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I am just guessing but would the be the same lines as a Chevrolet?

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23 hours ago, Summershandy said:

I suspect the confusion lies where they meet up at the junction block under the master cylinder. There must have been a few different configurations. I was really asking if anyone else shared the same experience. 

 

NAPA sells 6" adapter lines for the master cyl. connections.

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Posted (edited)

I bought a set for my 1950 Buick and they came in a box that was pushing the limit of what UPS would carry.  The gas line had 1 bend in it that you had to unbend and one of the rear brakelines had the same.  For the most part they fit but there was some adjustments that had to be made.  Bought Stainless line and they looked nice.

Edited by Bill Stoneberg (see edit history)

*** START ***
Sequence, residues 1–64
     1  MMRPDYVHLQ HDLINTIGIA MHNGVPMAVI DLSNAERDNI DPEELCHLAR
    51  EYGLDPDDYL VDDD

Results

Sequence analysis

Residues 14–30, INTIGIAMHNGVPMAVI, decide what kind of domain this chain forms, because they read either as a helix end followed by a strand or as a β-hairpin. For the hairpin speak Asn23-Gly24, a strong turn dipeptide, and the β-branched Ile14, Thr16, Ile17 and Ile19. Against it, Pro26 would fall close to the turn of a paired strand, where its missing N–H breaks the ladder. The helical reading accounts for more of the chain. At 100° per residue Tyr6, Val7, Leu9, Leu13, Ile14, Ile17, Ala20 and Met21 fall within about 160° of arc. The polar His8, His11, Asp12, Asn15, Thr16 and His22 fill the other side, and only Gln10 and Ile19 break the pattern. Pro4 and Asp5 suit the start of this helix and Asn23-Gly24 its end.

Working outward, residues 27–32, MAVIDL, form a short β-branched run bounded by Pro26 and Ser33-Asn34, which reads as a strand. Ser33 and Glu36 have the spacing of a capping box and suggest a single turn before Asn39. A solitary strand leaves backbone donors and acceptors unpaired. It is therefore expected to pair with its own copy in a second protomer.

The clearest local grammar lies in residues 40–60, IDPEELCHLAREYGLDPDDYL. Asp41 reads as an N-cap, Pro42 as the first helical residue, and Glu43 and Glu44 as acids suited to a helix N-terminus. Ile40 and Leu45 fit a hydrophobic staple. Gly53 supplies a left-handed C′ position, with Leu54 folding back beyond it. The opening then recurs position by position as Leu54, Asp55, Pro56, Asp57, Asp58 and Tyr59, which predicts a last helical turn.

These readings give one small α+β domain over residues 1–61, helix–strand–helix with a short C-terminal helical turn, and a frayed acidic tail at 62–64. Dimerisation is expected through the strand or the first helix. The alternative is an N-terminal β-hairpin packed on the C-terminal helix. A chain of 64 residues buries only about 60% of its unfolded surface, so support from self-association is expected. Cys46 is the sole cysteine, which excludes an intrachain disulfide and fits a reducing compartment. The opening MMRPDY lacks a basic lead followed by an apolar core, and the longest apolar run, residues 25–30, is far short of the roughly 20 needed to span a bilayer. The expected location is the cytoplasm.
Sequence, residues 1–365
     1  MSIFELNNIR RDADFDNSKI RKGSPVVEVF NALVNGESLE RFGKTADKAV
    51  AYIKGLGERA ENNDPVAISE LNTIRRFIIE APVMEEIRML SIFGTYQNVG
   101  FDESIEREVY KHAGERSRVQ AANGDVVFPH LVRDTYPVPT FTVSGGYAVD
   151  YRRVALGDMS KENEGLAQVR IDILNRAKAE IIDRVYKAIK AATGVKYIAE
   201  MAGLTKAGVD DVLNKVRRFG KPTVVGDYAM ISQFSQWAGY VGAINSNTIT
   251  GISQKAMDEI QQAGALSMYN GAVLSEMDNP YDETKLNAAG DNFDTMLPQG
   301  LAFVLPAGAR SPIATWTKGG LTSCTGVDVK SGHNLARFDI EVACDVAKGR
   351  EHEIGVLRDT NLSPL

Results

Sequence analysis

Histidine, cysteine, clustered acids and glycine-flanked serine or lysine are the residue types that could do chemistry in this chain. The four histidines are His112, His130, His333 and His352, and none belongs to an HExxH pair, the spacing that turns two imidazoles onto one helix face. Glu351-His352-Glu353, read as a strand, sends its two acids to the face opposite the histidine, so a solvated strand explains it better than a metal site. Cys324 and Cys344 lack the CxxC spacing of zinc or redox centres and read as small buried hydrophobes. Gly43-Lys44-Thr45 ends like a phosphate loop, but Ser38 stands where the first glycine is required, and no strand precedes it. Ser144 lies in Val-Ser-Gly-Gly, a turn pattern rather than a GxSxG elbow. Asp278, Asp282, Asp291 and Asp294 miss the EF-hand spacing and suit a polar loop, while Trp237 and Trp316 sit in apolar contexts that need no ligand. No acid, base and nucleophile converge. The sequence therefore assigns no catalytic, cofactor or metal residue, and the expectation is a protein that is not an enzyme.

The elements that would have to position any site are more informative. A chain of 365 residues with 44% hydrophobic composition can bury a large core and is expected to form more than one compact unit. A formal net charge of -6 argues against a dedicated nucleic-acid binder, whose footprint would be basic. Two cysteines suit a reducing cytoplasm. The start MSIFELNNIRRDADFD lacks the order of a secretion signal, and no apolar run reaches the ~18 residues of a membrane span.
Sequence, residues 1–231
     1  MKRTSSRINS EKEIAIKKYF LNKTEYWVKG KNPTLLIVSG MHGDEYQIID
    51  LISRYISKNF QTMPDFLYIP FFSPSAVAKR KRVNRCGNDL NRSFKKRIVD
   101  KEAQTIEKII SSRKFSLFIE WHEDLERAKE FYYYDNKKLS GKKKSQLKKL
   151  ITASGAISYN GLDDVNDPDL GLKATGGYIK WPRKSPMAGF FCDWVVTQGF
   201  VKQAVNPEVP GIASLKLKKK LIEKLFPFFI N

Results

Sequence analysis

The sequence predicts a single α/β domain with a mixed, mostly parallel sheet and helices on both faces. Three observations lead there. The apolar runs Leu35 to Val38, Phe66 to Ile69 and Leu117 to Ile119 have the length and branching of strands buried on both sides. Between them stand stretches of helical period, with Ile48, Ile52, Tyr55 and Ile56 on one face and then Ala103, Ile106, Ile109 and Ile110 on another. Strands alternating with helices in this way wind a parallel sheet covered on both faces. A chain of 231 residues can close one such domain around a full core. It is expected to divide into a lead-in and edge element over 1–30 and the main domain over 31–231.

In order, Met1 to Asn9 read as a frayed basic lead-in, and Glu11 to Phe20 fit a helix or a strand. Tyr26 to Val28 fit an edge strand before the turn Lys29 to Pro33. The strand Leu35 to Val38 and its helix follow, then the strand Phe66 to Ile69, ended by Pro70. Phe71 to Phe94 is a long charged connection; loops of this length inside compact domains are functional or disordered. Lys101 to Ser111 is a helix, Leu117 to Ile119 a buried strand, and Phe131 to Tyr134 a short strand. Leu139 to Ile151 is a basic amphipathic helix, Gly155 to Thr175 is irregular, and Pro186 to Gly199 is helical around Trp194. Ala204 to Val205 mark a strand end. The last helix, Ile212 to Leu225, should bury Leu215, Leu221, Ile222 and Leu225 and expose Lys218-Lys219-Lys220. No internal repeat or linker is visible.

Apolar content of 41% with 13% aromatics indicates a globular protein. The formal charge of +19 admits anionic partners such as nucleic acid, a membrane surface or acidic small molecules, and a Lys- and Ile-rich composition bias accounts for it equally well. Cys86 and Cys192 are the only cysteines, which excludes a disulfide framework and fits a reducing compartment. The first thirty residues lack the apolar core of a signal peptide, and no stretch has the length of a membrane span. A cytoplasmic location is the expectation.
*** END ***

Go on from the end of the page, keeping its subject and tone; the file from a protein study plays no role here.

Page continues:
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15 hours ago, Rusty_OToole said:

I'm curious how they send prebent brake lines through the mail.

 

LIke Bill said, my lines came in the same way with 2 of them bent with approximately 6" radius. Very easy to straighten. I expected a large box as I paid for oversized shipping. I was surprised when I got them. I've seen much bigger boxes shipped. Think I got hosed there on shipping. I did the main brake line to the rear last night. I have a metal heater duct that goes through the frame and comes up under the seat. It looked to me they bent the line to go under this duct. The original line went over the duct which enabled it to be fastened to the original clips on the frame. If I followed their bends, the line would have to be reconnected with new fasteners. Some of the bends I still don't understand, some seem opposite. Left when right and up when down. So, I rebent that line to match the original, fastened them to the clips and thankfully was long enough to reach the bracket where it meets the rear brake hose. I guess the end of the story and if I had to do it all over again, especially with an older car, I would do my own. Matching the original bends make for a good fit IMO.  I just paid more money to have lines roughly the correct length already flared....mostly. 

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Finished removing and matching the rest of the lines. Just those 2 up front were too long. The rest look good. Brake lines have to be the messiest even when you try your best. The last line removal I had cut up plastic bags and elastics at the ready! After I bled them empty of course.